The Little Book of Commodity Investing
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28 of 29 people found the following review helpful
on December 30, 2010
If I could, I would have given zero stars for this book.

This is my first book on Commodities, but I could hardly find anything new that I have not heard on TV or see in news papers. It's all just very high level fluff throughout the book. From page one its pure marketing on "Invest in commodities". Why? China is consuming, India is consuming, stocks recently crashed, average traders are making 2 to 3 million a year in Chicago. At least half the book (give or take few percentage) is wasted on this marketing. Yeah... there are few details like how oil industry is trying to improve recovery, how shale gas resulted in oversupply, Amarnath went belly up in commodity trades... and invest in Commodities any way as you are going to make a fortune.

One of the most useless books I bout this holiday season. I could not comprehend how all seven folks were able to rate it 5 stars.
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24 of 27 people found the following review helpful
on September 19, 2010
Just as John's first book, Shell Shocked, laid out a compelling case for "buying all the Canada you can get," this book lays out the case for commodities. "Commodities" and "commodity trading" are intimidating terms to many investors, as are "futures" and "futures contracts." That's largely because American consumers are raised on the DOW and a few of the ancillary indices. A perfect example of that myopia is how people are presently yelling about the "lost decade" that investors have had from 2000-2010, conveniently leaving out the benefits of dividend reinvestment and the possiblity that individual investors and equity fund managers could have overweighted on Apple Inc. stock during the decade. Regardless, many individual investors buy the hype, panic, and make emotional decisions like putting lots of money into a savings account earning .05%.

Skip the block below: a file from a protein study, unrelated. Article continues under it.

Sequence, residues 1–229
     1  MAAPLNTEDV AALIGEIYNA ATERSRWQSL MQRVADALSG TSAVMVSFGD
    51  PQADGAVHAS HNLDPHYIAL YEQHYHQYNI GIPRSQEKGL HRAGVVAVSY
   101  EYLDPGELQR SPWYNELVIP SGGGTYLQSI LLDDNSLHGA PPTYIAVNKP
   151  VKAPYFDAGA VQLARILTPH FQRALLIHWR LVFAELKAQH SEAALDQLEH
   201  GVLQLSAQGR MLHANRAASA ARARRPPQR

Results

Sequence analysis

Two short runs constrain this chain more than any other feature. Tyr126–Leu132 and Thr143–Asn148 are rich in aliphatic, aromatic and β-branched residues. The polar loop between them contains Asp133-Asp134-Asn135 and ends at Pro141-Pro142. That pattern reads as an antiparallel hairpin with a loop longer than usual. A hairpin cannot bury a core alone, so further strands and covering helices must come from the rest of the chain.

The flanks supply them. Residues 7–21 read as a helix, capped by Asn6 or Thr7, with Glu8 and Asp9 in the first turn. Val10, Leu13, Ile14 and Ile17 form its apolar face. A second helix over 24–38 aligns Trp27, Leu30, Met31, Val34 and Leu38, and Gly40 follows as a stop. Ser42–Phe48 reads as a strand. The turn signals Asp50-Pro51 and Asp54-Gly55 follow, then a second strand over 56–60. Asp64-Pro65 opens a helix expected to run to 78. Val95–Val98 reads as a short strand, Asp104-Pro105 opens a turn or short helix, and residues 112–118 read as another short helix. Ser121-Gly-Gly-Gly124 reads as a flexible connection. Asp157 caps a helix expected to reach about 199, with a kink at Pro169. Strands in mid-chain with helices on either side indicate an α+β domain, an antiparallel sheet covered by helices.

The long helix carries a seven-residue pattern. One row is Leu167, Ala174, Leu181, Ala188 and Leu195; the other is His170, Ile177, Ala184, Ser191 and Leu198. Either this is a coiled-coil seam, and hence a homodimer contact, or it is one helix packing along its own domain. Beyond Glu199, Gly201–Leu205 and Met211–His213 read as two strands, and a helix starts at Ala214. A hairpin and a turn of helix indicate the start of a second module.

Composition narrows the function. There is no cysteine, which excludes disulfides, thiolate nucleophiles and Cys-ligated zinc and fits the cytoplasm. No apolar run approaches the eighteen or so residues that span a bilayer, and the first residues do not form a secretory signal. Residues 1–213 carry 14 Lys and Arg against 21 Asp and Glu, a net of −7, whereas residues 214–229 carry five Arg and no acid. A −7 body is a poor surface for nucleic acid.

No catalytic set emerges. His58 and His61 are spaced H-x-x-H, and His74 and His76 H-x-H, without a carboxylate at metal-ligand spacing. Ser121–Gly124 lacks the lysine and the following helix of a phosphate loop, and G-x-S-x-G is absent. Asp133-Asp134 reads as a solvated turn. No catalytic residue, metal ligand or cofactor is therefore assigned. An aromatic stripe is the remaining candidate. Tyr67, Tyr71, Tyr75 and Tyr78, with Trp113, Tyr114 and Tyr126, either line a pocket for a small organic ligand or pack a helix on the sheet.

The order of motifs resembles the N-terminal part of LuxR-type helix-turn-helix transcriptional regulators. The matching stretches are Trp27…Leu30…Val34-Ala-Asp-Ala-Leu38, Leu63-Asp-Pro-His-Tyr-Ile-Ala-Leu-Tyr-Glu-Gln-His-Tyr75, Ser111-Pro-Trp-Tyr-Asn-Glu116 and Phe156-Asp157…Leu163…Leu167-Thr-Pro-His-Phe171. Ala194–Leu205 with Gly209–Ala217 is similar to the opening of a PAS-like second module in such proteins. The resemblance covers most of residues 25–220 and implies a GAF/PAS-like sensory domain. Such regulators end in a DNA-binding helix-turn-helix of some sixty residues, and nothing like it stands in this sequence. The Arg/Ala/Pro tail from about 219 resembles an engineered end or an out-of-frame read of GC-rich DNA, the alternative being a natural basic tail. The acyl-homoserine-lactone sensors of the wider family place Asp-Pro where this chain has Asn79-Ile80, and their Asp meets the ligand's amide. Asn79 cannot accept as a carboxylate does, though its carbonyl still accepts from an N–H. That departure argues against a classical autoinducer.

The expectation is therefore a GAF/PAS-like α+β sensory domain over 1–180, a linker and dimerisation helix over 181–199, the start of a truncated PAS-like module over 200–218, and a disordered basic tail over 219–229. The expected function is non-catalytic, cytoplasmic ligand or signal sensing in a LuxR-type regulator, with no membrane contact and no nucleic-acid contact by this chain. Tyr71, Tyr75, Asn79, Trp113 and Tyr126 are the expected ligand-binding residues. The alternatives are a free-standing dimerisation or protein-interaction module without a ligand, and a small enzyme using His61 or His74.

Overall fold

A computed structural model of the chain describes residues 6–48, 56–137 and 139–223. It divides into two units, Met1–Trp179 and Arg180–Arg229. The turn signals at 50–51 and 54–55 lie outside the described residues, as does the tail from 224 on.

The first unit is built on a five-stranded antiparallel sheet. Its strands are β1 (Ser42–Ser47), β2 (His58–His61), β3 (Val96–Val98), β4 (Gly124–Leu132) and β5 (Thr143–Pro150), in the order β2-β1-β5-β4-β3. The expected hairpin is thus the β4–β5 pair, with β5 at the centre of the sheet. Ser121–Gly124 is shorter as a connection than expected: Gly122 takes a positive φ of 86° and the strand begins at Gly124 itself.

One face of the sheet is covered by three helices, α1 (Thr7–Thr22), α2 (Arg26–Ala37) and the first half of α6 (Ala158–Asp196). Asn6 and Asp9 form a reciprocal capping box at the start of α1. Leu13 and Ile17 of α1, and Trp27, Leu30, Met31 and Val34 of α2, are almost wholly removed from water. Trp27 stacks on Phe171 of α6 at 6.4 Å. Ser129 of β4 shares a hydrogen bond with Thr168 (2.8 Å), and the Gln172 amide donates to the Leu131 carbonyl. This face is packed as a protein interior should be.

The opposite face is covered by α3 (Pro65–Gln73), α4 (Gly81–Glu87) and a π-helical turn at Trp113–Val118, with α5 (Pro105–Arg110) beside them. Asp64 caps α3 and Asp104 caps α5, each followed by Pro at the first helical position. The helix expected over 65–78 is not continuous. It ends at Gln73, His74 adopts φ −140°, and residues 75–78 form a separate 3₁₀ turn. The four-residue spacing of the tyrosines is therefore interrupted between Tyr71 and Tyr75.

It is in this sort of a climate that John helpfully points out that commodities are:

* not intimidating
* easy to understand
* a smart investment for our times

Why are commodities not intimidating? Because they're all around us. They're the things we use every day, like the gasoline that goes into our cars or the wheat and flour that we find in our bread. Sure, the price of gold gets all the headlines--it's sort of like the DOW of commodities--but there are so many more places that investors can put their money to work in commodities.

Commodities are easy to understand because they're being used or consumed all the time. Check out the shipments coming into a restaurant or a supermarket on any given day and you'll see commodities coming in that have been purchased and are about to be put to use by the restaurant or supermarket.

Why are commodities a smart investment for our times? Because people need them now and will need them more as economies grow. As John mentioned during his CNBC appearance over the summer, only 30% of China's population participates in the nation's economy. It's going to take more roads, bridges, buildings, fuel, food and other commodity-based material to bring that remaining 70% into the fold. That increasing demand, of course, means rising prices for relavant commodities.

John's book touches on myriad ways that commodities can, should, and will be used in the future. The Little Book of Commodity Investing is an easy read that teaches the reader why natural gas prices are more volatile than oil prices, that Brazil is actually the orange juice capitol of the world and many other fun facts. For that reason alone, it's a wonderful read. But John also gives the reader a plenty of ammunition regarding WHY he or she should invest in a given commodity. I'm not saying this book alone will make Joe Investor cash out his brokerage account and buy a nickel mine in Sudbury, Ontario, and that's a good thing. But it will make Joe Investor a lot more comfortable thinking about commodity investing and want to learn more.